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In part one of this series, we discussed the challenges IT professionals face when building a security infrastructure. It's often tempting to overindulge on the hottest tools, making the race to secure the enterprise into a buying binge, with the result that information security is seen as a money pit.
In the halcyon days of security, when fear, uncertainty and doubt, or FUD, was in short supply and IT budgets were smaller, people created their own tools or made do by customizing what they already had.
Many of the best open source programs were born from someone's need to solve a problem efficiently and inexpensively. Nmap, Wireshark and Snort all started out this way. A good Unix engineer could also work security magic with a perl script or even sed and awk. When did information security become obsessed with buying instead of building?
Many monitoring systems can do double-duty as a security tool
The business can derive better return on investment by using features of its existing tools for security functions. For example, monitoring systems provide excellent tools that provide real-time visibility into your infrastructure. Most organizations simply don't spend enough time configuring these tools to realize their value to information security. Any good enterprise monitoring system will send out alerts when a service is down, a resource threshold is exceeded or a response time is too slow. All of these are possible signs of malicious activity. Nagios and MRTG are great open source applications, but there are plenty of commercial tools that can do double duty as security monitors. And everyone always seems to forget about NetFlow. Why would you need an expensive, dedicated Internet security tool to tell you there's anomalous activity on the network when you could track and report traffic patterns with a NetFlow collector?
Domain name system has powerful tools
Additionally, the domain name system (DNS) offers some powerful capabilities to protect your enterprise. First, there is the DNS sinkhole, a technique used to decrease malicious activity on the network by adding nonroutable addresses to a recursive server to prevent access to unsavory domains. The Internet Systems Consortium has made this process even easier through Response Policy Zones, which are now baked into BIND. The integration allows users to more easily integrate reputation feeds into recursive DNS services, making management more seamless.You can significantly decrease malware in your environment by using this little-known tool. Query logging has always been a great incident response tool, a way to find out where your malware may be hiding, but if your DNS server doesn't have the real estate or the spare processing power for query logging, you could set up a passive DNS collector to identify attack trends and compromised hosts.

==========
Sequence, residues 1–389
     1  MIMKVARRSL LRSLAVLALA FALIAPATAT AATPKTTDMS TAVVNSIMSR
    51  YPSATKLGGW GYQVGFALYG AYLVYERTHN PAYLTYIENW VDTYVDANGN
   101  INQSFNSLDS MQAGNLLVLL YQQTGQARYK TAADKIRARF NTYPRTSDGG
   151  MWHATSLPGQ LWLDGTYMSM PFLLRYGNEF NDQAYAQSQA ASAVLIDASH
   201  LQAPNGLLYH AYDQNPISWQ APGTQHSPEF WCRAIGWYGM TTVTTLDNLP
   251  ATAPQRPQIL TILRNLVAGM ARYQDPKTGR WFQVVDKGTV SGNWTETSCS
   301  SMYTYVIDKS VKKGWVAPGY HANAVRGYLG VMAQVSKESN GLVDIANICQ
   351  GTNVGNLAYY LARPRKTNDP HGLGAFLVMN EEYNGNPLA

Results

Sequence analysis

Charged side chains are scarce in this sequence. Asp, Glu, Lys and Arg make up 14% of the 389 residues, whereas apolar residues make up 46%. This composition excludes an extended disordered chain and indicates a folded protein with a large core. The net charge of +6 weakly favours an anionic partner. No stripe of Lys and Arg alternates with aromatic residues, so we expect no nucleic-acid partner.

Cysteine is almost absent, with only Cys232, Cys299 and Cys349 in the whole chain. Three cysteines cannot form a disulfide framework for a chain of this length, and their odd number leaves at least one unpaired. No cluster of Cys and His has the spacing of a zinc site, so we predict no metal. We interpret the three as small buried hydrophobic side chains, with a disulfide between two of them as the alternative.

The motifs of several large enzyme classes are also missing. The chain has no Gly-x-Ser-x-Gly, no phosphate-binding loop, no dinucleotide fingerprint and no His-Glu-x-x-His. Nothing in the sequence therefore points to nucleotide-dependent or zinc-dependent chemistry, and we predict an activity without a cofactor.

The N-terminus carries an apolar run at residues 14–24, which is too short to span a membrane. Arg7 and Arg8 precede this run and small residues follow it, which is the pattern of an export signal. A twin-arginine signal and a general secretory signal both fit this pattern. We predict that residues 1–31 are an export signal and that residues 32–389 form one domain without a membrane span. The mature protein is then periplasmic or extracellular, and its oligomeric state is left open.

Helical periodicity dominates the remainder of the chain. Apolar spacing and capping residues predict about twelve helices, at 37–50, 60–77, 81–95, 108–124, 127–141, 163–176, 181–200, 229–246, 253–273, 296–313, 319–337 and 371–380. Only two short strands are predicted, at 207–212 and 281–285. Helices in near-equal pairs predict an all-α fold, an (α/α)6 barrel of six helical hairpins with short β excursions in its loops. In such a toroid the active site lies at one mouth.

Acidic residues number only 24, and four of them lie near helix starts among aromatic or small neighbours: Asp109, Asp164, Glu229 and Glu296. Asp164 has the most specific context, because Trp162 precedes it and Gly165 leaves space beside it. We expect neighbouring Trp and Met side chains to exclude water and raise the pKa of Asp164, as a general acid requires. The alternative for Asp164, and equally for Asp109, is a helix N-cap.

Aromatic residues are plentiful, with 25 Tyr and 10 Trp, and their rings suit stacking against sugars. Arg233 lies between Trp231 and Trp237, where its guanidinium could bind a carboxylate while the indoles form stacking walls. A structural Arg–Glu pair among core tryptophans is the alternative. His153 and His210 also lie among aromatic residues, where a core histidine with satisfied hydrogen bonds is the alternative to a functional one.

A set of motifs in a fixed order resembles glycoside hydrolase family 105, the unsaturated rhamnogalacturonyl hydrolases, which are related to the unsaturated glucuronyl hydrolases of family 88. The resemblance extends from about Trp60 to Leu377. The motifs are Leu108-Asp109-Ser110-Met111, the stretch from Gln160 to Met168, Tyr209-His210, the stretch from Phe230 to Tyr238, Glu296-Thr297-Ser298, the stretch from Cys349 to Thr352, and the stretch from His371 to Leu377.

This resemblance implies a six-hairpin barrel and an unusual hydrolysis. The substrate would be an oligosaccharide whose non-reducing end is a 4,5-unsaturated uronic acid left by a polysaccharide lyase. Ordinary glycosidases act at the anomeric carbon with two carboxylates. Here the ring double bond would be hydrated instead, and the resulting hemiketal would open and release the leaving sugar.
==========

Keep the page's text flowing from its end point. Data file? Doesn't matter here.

Configuration management tools yield other benefits
Then there are your configuration management tools. These applications aren't just useful for ensuring that people comply with your change management policy or for rolling back to a previous configuration. They also can inform your security team if an attacker is making changes in your environment. The only thing required is configuring and tweaking alerts after creating some baselines.
You also have some very beneficial features in most wireless management systems (WMSes). It often isn't necessary to spend money on a dedicated wireless intrusion-prevention or intrusion-detection system (IDS), because most organizations can get by with features already available in the base WMS. Any good enterprise WMS will detect rogues and can write to syslog or send an SNMP trap. You could send these to a log correlation system or generate email alerts for the security team.
Logs are always useful to an organization but, according to the SANS Institute, most organizations don't spend enough time with them. This is unfortunate, because they're a treasure trove of security data. But you don't always need expensive security information and event management; oftentimes you can get what you need by using a simple utility like Logcheck (or a Windows equivalent) to identify security violations. A few alerts to a vigilant sysadmin can be quite effective.
Finally, while most organizations have the budget for a firewall and an IDS, they can't always afford the hefty price tag that comes with a niche Internet security tool that's supposed to prevent the latest attack trend. There's a lot of competition for IT dollars within the enterprise. Management is demanding a better "bang for the buck" and is less willing to fork over money for the latest bit of "security cool." Maybe most of us would be better served by taking advantage of the features contained in products we already own. Not only would we get the same or even better functionality, we can avoid all the grandstanding.
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